Newchurch in Rossendale, Lancashire GenealogyEdit This Page
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NEWCHURCH-in-Rossendale-Forest, a parochial chapelry, in the parish of Whalley, union of Haslingden, Higher division of the hundred of Blackburn, N. division of Lancashire, 3½ miles (E. S. E.) from Haslingden; containing, with the hamlets of Deadwin-Clough, Tunstead, and Wolfenden, and part of the consolidated chapelry of Bacup, 11,668 inhabitants. The name of Rossendale is probably formed from the British word Rhos, expressive of the dusky colour of the heath grass. In the 4th of Edward II. the Forest or Chase was divided into eleven vaccaries, or cow-pastures, of which the herbage was valued at 10s. for each: in the reign of Henry VII. the number of vaccaries, or booths, had increased to nineteen, of which the herbage was estimated at advanced rents, varying from 13s. to £13. Like the vaccaries of Pendle, these booths were the foundations of townships; the township of "Dedquene-Cloghe," now Deadwin-Clough, contains the village of Newchurch. The length of the chapelry is five miles, and its breadth three; it comprises 5726 acres, and consists of three valleys, with their corresponding elevations. Although the hills are high, and naturally sterile, modern improvements, cherished by manufacturing prosperity, have carried cultivation to their summits; the arable land is about a fifth of the whole. The chapelry is watered on the south by the Irwell, which, rising at the foot of Dirplay Hill, in Cliviger, descends to Bacup by Broadclough, and passing Wolfenden runs by Tottington to Bury. At the head of Wolfenden rises Whitewell brook, which empties itself into the Irwell below the village of Newchurch. Coal-mines, and quarries of freestone, slate, &c., abound in the chapelry; and cotton and woollen goods are manufactured to a considerable extent, in their various branches. A fair for cattle is held on April 29th, and one for clothing and pedlery on the first Monday after the 24th of June. The living is a perpetual curacy; net income, £231; patron, the Vicar of Whalley. The chapel was originally built in 1512, and was the first place of worship erected in Rossendale Forest; in 1825 it was rebuilt, partly at the cost of the parishioners and partly by a government grant. It is in the pointed style of architecture, with lancet windows, and a handsome tower; the interior, which is light and substantial, consists of a nave, aisles, and choir. There are churches at Lumb and Tunstead; and the Wesleyans, Baptists, Unitarians, and other dissenters, have places of worship. A free grammar school was founded in 1701 by John Kershaw, who endowed it with lands situated in Heald, in Bacup; and there are large national schools. Newdigate (St. Peter)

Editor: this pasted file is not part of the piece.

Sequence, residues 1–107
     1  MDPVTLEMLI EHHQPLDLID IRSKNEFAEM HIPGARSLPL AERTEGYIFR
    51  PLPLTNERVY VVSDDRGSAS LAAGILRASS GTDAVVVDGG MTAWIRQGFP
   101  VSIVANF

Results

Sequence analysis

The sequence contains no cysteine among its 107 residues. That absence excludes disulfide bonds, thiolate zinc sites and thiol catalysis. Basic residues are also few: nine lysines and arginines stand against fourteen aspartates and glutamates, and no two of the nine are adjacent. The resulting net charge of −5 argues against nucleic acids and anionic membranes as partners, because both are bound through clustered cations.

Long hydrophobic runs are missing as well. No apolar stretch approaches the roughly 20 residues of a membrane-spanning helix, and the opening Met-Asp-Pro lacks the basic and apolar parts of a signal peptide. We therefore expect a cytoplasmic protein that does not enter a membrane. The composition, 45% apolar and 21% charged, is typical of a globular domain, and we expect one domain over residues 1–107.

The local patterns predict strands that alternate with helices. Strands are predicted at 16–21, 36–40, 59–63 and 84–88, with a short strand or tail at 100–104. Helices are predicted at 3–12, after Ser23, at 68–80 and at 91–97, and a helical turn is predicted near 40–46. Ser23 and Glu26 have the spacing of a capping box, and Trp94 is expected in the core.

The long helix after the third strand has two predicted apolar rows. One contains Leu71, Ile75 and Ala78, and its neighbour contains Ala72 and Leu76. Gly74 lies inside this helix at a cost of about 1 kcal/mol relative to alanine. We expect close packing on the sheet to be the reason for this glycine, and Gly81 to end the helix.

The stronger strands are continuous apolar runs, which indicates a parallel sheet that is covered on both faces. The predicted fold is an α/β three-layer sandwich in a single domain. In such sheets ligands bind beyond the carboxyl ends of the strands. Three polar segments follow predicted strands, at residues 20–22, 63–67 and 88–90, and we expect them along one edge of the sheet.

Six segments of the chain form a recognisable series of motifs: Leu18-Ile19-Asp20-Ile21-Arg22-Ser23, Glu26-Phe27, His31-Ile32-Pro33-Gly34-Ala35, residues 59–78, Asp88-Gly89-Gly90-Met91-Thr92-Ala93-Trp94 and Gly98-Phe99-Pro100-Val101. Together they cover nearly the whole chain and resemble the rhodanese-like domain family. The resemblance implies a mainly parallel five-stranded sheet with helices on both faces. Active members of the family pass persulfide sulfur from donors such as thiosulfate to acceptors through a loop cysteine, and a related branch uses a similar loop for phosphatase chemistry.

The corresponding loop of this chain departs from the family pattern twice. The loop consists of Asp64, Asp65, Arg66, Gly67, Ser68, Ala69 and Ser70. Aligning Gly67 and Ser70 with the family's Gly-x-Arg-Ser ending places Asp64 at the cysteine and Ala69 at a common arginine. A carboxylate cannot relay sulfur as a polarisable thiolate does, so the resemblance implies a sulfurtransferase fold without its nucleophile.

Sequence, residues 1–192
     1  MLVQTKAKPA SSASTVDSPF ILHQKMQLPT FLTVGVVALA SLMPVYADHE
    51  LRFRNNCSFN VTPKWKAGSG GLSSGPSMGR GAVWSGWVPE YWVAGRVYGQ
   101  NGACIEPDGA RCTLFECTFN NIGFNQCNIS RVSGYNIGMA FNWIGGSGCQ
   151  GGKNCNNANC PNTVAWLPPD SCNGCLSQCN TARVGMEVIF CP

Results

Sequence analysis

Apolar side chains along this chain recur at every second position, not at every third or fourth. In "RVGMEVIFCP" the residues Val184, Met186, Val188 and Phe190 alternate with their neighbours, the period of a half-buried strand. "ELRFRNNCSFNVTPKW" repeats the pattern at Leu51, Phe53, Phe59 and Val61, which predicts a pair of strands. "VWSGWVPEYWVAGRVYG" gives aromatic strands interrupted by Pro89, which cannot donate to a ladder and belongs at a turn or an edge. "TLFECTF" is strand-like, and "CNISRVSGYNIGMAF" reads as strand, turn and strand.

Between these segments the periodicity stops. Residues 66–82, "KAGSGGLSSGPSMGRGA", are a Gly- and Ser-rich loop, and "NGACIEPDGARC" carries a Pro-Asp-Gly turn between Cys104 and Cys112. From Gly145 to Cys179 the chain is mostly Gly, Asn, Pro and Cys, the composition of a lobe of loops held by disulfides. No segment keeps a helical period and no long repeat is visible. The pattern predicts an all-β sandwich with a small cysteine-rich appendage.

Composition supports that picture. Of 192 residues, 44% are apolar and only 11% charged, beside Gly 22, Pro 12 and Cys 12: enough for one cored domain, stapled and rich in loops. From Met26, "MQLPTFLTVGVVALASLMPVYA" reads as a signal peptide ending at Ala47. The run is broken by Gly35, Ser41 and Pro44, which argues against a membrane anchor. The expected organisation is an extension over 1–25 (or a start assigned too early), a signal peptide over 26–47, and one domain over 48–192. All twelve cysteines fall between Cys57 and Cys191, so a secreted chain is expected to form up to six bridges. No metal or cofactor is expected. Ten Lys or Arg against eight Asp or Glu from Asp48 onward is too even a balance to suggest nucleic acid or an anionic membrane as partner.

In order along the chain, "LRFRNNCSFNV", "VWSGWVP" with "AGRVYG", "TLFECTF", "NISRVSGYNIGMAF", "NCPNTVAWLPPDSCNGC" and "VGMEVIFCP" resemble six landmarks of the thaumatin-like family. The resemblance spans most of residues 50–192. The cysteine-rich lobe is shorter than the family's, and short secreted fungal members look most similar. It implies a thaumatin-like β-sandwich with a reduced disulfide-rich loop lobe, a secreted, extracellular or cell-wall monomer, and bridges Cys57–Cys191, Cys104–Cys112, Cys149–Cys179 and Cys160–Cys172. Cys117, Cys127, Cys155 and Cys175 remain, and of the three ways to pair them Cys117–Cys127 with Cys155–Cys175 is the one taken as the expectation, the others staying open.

From: A Topographical Dictionary of England by Samuel Lewis (1848), pp. 389-393. URL: http://www.british-history.ac.uk/report.aspx?compid=51172 Date accessed: 20 July 2010.
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